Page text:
The complete guide to becoming a Dermatologist

The complete guide to becoming a Dermatologist

Jul 29, 2020.

Caring for the body’s largest organ, a Dermatologist has a large part to play in healthcare. In this blog post, we share what exactly a Dermatologist does, how to become a Dermatologist with the NHS, and a true insight with some pros and cons of the specialty.


What is a Dermatologist?

Dermatologists are doctors who specialise in prevention, diagnosis and treatment of conditions that affect the hair, skin, nails, sweat and oil glands and mucus membranes. For example, a Dermatologist would treat conditions such as psoriasis, acne, drug rashes to cancer. Dermatology patients can range from any age; from babies to the elderly, keeping their work varied and interesting!

With 24% of annual GP visits being for skin problems, Dermatologists have the knowledge and expertise to significantly improve a person’s confidence and ultimately, their quality of life.

As with most medical specialties, there are several subspecialties available in Dermatology:

  • Cosmetic Dermatology
  • Medical Dermatology
  • Dermatopathology
  • Immunodermatology
  • Paediatric Dermatology
  • Teledermatology
  • and more!

As a doctor who has specialised in Dermatology, you’ll be required to have manual dexterity, good clinical diagnostic skills, excellent communication skills and a strong commitment to cascading knowledge and skills to both patients and colleagues.


Our Guide to Becoming a Dermatologist

Step 1: Obtain your Medical Undergraduate Degree

Prospective Dermatologists need to begin their journey by undertaking a medical undergraduate degree, to obtain all the practical, theoretical and communication skills needed to become a talented, safe and ethical doctor.

Most UK medical undergraduate degrees are typically 4-6 years in length;

  • Two years of pre-clinical training in an academic environment
  • And two to three-years of clinical training at a university teaching hospital in a community setting

In the UK, medical schools and teaching hospitals are always closely integrated and so, placement will be arranged by your medical school. The course of study is extended to six years if an intercalated degree is taken in a related subject.

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Step 2: Complete your Foundation Year Training (FY1 & FY2)

Once your undergraduate degree is completed, congratulations you are now a qualified doctor! The next step requires you to complete your two-year Foundation Training Programme – being your first paid job as a doctor! Your foundation training requires you to complete two years, FY1 and FY2. After successful completion of FY1, you’ll be required to register with the General Medical Council.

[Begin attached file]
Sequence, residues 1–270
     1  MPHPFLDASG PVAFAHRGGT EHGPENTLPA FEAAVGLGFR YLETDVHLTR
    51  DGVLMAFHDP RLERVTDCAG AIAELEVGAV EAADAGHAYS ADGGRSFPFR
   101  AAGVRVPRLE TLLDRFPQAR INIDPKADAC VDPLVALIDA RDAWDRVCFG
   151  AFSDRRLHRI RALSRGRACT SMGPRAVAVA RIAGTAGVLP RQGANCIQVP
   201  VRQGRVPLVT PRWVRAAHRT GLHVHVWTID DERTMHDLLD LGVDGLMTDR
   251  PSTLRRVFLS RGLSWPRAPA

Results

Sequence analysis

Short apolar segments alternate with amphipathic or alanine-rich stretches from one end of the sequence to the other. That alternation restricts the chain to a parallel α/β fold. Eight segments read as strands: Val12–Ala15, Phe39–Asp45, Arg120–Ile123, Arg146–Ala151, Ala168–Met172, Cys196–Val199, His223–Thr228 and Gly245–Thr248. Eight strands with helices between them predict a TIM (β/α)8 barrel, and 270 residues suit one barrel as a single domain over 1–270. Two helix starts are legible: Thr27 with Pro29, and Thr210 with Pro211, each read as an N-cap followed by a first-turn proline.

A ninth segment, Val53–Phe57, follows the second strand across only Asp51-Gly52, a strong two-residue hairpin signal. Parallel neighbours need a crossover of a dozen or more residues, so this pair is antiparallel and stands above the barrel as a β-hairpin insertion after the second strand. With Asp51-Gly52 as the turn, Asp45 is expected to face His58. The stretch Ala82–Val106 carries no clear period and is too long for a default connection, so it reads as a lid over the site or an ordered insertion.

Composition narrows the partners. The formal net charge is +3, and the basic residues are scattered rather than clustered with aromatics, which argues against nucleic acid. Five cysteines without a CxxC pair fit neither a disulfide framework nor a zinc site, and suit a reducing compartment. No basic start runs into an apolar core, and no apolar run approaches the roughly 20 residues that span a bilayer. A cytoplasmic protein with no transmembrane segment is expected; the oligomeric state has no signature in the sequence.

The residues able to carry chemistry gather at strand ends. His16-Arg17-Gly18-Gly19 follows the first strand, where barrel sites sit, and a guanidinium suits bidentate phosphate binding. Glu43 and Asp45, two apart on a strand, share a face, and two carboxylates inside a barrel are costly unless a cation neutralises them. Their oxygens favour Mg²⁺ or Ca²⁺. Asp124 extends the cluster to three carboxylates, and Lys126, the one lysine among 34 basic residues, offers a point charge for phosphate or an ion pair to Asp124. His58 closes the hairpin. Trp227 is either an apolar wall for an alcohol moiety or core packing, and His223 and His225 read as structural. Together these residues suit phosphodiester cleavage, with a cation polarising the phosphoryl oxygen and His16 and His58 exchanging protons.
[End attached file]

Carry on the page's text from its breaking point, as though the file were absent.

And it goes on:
Your Foundation Programme usually involves six different rotations in medical and surgical specialties. These rotations will give you an insight into the various specialties, allowing you the opportunity to develop basic clinical and non-clinical skills such as communication and teamwork.

Depending on what hospital you work at, you may not have been given the opportunity to rotate within Dermatology. Instead, it’s essential that you obtain a clinical observership during your annual leave for two reasons:

  1. It will give you a true insight into the specialty, helping you decide if you truly want to pursue it as your career!
  2. It will strengthen your training post application (as they can be competitive depending on your ideal location within the UK).

Towards the end of your foundation years, if Dermatology is still the specialty for you… It’s time to apply for that all exciting Core Medical training post via Oriel (and then apply for Dermatology Specialty Training ST3+ after this!)

Step 3: Complete your Specialty Training Post

Becoming a Dermatologist means you’ll be practicing a medical specialty, you’ll be required to complete some form of core training prior to going into Dermatology specialty training at ST3+ level. Post-foundation years, you’ll have three options available to you:

  1. Core Medical Training (CMT) – CT1-2
  2. Acute Care Common Stem (CT1-3) – ACCS (Acute Medicine)
  3. Paediatrics – ST1-3 you must also have achieved the same core medical training competencies that would be expected after 12-months training in adult medicine posts

The Core Medical Training programmes typically only take two-years to complete and three in the case of the ACCS and Paediatrics. When it comes to applying for ST3+ Dermatology, by this point you must have obtained your Royal College Qualification, MRCP to help demonstrate your specialist knowledge and skills.

Once you have reached ST3+ level, the training can take a minimum of four-years. If you want to achieve a CCT in General Internal Medicine in addition to a CCT in Dermatology, then you must apply for a dual training programme from the outset.

Click here to view the Dermatology specialty training curriculum! Good luck!

Dermatology is a specialty that can offer you daily variety and the opportunity to truly transform someone’s life but, to give a broad overview of what to expect have a read of Dermatology’s pros and cons…

Pros of specialising in Dermatology
  • Offers access to a wide variety of clinical cases
  • Fantastic work/life balance
  • No general medicine required
  • Opportunity to work remotely
Cons of specialising in Dermatology
  • Outpatient-based specialty
  • Large quantity of telephone appointments
  • Big jump in clinical responsibility from Core Medical Training
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